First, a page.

We drank water from the garden hose and not from a bottle and it tasted the same.

We ate chips, bread and butter pudding and drank fizzy pop with sugar in it, but we were never overweight because we were always outside playing.

We shared one drink with four friends, from one bottle or can and no-one actually died from this.

We would spend hours building go-carts out of scraps and then went top speed down the hill, only to find out we forgot the brakes. After running into stinging nettles a few times, we learned to solve the problem.

We would leave home in the morning and could play all day, as long as we were back before it got dark. No one was able to reach us and no one minded.

We did not have Play stations or X-Boxes, no video games at all. No 99 channels on TV, no videotape movies, no surround sound, no mobile phones, no personal computers, no Internet chat rooms. (Well, we did have the ZX81, Spectrum etc)

We had friends, we went outside and found them. We played elastics and street rounders, and sometimes that ball really hurt.

We fell out of trees, got cut and broke bones but there were no law suits. We had full on fist fights but no prosecution followed from other parents.

We played knock-and-run and were actually afraid of the owners catching us.

We walked to friend's homes. We also, believe it or not, WALKED to school; we didn't rely on mummy or daddy to drive us to school, which was just round the corner. We made up games with sticks and tennis balls.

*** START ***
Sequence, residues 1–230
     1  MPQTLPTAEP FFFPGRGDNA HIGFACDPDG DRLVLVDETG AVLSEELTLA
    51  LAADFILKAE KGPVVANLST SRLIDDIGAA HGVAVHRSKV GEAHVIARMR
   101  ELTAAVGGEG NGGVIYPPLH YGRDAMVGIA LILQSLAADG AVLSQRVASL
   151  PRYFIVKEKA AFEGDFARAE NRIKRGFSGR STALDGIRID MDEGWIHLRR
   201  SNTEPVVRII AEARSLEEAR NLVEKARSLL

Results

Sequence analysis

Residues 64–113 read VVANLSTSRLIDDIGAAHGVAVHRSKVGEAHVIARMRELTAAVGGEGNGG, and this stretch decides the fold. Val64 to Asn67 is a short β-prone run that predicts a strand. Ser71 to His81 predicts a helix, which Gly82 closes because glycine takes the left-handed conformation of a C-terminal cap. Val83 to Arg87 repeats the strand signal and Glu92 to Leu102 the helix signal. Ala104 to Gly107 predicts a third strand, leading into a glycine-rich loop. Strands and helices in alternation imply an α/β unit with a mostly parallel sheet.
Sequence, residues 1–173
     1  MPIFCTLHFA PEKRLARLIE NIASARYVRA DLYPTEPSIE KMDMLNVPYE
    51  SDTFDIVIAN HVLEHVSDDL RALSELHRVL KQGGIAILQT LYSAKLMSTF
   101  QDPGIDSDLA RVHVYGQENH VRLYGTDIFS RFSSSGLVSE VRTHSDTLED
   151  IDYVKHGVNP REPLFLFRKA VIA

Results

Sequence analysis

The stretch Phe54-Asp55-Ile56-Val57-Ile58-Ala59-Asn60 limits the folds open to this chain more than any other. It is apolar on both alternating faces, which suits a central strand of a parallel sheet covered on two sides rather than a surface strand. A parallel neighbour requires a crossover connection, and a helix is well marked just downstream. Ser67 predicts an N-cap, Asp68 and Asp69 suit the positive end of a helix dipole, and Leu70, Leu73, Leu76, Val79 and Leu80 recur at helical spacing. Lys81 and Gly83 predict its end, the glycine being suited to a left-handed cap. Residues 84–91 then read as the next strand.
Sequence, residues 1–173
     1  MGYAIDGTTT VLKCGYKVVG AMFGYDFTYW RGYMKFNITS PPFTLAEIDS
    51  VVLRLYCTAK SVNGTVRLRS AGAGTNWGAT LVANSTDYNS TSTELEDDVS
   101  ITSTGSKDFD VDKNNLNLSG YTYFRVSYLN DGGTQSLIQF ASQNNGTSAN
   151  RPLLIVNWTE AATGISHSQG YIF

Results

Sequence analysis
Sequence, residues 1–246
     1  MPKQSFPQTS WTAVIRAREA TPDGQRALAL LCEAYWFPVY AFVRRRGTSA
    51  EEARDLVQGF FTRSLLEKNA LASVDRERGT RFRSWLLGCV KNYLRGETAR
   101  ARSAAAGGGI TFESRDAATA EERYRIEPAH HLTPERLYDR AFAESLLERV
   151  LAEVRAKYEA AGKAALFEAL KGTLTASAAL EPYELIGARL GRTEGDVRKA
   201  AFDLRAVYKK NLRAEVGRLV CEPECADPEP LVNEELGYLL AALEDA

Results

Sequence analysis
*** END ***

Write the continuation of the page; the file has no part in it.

We rode bikes in packs of 7 and wore our coats by only the hood.

The idea of a parent bailing us out if we broke a law unheard of. They actually sided with the law.

This generation has produced some of the best risk-takers and problem solvers and inventors, ever. The past 50 years have been an explosion of innovation and new ideas.

We had freedom, failure, success and responsibility, and we learned how to deal with it all.

This my friends, is surprisingly frightening, and it might put a smile on your face:

The majority of students in universities today were born in 1983. They are called youth. They have never heard of We are the World, We are the children, and the Uptown Girl they know is by Westlife not Billy Joel.

They have never heard of Rick Astley, Bananarama, Nena or Belinda Carlisle.

For them, there has always been only one Germany and one Vietnam. AIDS has existed since they were born. CD's have existed since they were born.

Michael Jackson has always been white. To them John Travolta has always been round in shape and they can't imagine how this fat guy could be a god of dance.

They believe that Charlie's Angels and Mission Impossible are Films from last year.

They can never imagine life before computers.

They'll never have pretended to be the A Team, RedHand Gang or the Famous Five.

They'll never have applied to be on Jim'll Fix It or Why Don't You. They can't believe a black and white television ever existed and don't even know how to switch on a TV without a remote control. And they will never understand how we could leave the house without a mobile phone.

No comments: